The older I get the better my hiking boots feel. However I don’t discard my old ones, I line them up in the closet like a prized vintage car collection. It seems I love to look at catalogs of hiking shoes and dream of adventures I have had along with ones I will never have.
I know some woman have a phenomenal number of shoes but with me it’s hiking boots. The reason for my collection is I never really wear them out, I just buy new ones thinking maybe someday I might wear the older ones out but weirdly I never do.
The story of my first hiking boots goes back to my first hike with Pelham N.Y. Boy Scout Troop 1. I showed up as a young tenderfoot for a hike/overnight at Camp Siwanoy with my Converse All-Star, the Michael Jordan basketball sneaker of my era! Mr. Mannie Padin Sr., a former scoutmaster who in fact had met Baden Powell the founder of The Boy Scouts as a boy and was a smart knowledgeable scouting/camping mind, met me there at the parking lot. He immediately saw my footwear and asked, “Where are your hiking boots?” When I said I didn’t have any he put me in his car and took me to his house and lent me a pair of Bass boots from the collection from his boys, Billy, Mannie Jr. and Buttons. He taught me about wearing two pairs of socks and the importance of having the right fit. When my mom heard about what happened she purchased me the very same pair of boots I wore that day but a size 10 even though I was a size 9. Luckily within a year my foot settled at size 10 for the rest of my life.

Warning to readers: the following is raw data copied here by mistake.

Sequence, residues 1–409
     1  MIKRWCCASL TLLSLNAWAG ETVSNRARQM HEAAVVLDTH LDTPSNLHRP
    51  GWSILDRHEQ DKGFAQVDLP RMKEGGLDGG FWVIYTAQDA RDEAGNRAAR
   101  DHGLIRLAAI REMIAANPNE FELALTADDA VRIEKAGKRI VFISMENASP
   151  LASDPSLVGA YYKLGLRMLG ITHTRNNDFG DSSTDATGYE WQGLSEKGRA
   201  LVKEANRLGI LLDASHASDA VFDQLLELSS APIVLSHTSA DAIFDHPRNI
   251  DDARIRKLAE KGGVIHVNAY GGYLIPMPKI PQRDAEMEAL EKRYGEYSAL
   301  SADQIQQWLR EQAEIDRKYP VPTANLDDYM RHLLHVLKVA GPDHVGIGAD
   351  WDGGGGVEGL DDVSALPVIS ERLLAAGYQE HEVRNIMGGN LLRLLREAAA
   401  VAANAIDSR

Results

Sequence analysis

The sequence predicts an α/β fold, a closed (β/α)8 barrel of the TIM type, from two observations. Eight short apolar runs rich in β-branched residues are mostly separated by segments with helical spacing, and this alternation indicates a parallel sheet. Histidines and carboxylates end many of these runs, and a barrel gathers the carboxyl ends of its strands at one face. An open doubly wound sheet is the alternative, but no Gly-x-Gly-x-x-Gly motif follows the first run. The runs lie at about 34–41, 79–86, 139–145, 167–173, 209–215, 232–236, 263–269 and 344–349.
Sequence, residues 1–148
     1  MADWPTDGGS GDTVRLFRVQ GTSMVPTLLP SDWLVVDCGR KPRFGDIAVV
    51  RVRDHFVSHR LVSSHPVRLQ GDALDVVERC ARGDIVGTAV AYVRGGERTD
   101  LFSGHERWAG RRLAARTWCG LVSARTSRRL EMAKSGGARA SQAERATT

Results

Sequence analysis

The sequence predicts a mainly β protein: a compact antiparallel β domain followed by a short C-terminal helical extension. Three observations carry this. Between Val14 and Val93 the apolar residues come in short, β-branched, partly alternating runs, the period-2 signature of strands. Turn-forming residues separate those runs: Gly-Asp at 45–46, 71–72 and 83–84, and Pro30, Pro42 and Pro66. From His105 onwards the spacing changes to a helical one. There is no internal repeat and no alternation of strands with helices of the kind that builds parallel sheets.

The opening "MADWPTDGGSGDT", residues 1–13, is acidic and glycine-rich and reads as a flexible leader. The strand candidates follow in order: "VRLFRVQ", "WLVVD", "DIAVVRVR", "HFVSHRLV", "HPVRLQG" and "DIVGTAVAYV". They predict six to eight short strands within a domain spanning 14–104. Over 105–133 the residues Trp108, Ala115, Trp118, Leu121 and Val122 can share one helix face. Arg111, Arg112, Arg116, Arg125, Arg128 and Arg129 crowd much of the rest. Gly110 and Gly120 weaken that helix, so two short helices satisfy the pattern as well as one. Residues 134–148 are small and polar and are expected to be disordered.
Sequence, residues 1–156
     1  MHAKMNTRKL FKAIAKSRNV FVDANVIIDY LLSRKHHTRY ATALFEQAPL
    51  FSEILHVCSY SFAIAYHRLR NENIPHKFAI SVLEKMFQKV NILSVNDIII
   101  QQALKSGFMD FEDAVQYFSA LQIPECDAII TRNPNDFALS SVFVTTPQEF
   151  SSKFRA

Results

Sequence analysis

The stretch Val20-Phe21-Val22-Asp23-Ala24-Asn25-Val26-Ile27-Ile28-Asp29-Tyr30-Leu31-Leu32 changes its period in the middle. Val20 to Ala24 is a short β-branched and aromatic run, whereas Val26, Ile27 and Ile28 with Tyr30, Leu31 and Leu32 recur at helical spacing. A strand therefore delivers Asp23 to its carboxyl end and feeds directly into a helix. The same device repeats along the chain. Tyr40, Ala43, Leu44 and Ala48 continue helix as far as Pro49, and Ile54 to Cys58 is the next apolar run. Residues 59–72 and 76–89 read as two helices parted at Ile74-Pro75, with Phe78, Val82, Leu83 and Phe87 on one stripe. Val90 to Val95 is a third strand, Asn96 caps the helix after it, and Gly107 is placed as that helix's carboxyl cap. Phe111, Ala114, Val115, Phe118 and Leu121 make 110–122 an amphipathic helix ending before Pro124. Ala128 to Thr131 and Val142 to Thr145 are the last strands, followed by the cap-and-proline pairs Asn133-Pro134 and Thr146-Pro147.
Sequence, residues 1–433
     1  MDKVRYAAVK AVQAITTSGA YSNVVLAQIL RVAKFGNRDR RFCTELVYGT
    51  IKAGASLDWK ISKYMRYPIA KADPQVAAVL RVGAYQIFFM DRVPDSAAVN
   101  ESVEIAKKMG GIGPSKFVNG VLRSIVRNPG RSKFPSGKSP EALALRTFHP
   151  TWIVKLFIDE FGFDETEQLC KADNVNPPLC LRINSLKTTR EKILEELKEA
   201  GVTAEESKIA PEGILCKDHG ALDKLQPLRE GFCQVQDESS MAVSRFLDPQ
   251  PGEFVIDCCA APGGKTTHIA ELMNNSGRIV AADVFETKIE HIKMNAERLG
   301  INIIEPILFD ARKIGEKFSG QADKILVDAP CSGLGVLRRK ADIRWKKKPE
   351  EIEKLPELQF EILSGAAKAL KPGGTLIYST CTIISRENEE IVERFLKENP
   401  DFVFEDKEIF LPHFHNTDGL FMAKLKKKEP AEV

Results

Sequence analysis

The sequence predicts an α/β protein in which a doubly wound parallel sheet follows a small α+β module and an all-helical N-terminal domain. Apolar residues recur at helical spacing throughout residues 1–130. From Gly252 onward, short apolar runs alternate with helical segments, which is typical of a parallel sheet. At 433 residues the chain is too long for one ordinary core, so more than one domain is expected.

In college I wore other boots my mom gave all us boys (my 3 brothers) for Christmas 1969-70. That boot lasted all the way through college. I’d buy it right now but I never saw them anywhere ever again. After college for a while I didn’t hike at all. However after a trip to the Alps in 1980 all that changed. While in Chamonix, France I went to Sandglard Sports, a famous alpine center in Chamonix, and was fitted for a pair of Degree 9 Solomon boots. They traced my footprint and crafted the footpad to my foot and then inserted it into many boots until it all fit perfectly. Until this day no boot has ever fit better or was better than that pair. Now I own perhaps 9-10 pairs of Solomon boots; some high top, some low top. I even have an $800 pair of Matterhorn boots that I never hike in but wear around because they remind me of Zermatt. Also in the collection is a pair of Koflach High Mountain Boots that I wore when I summited Mt. Blanc (the tallest mountain in the Alps) with crampons attached to the bottom of them. I even have a Timberland pair I bought at some Vermont outlet for $10 and some Asolo boots I bought in the Italian Alps when I needed a pair while hiking there.
Each boot has multiple stories of trips in the White Mountains, the Green Mountains, the Rocky Mountains, the Alps, even Camp Hero in Montauk. As I get older I slip them on usually during horrible rainy days and sit in my bedroom leather chair and dream of those adventures, some with my daughters, some with friends and some all alone.
I know my days of summits in the Alps and high altitude adventures are over. Even a climb up Mt. Washington three years ago was difficult as a sixty-something but in my heart and in my mind I still feel that breeze I felt at 15,781 ft. on the summit of Mt Blanc watching the sun rise over all of Western Europe.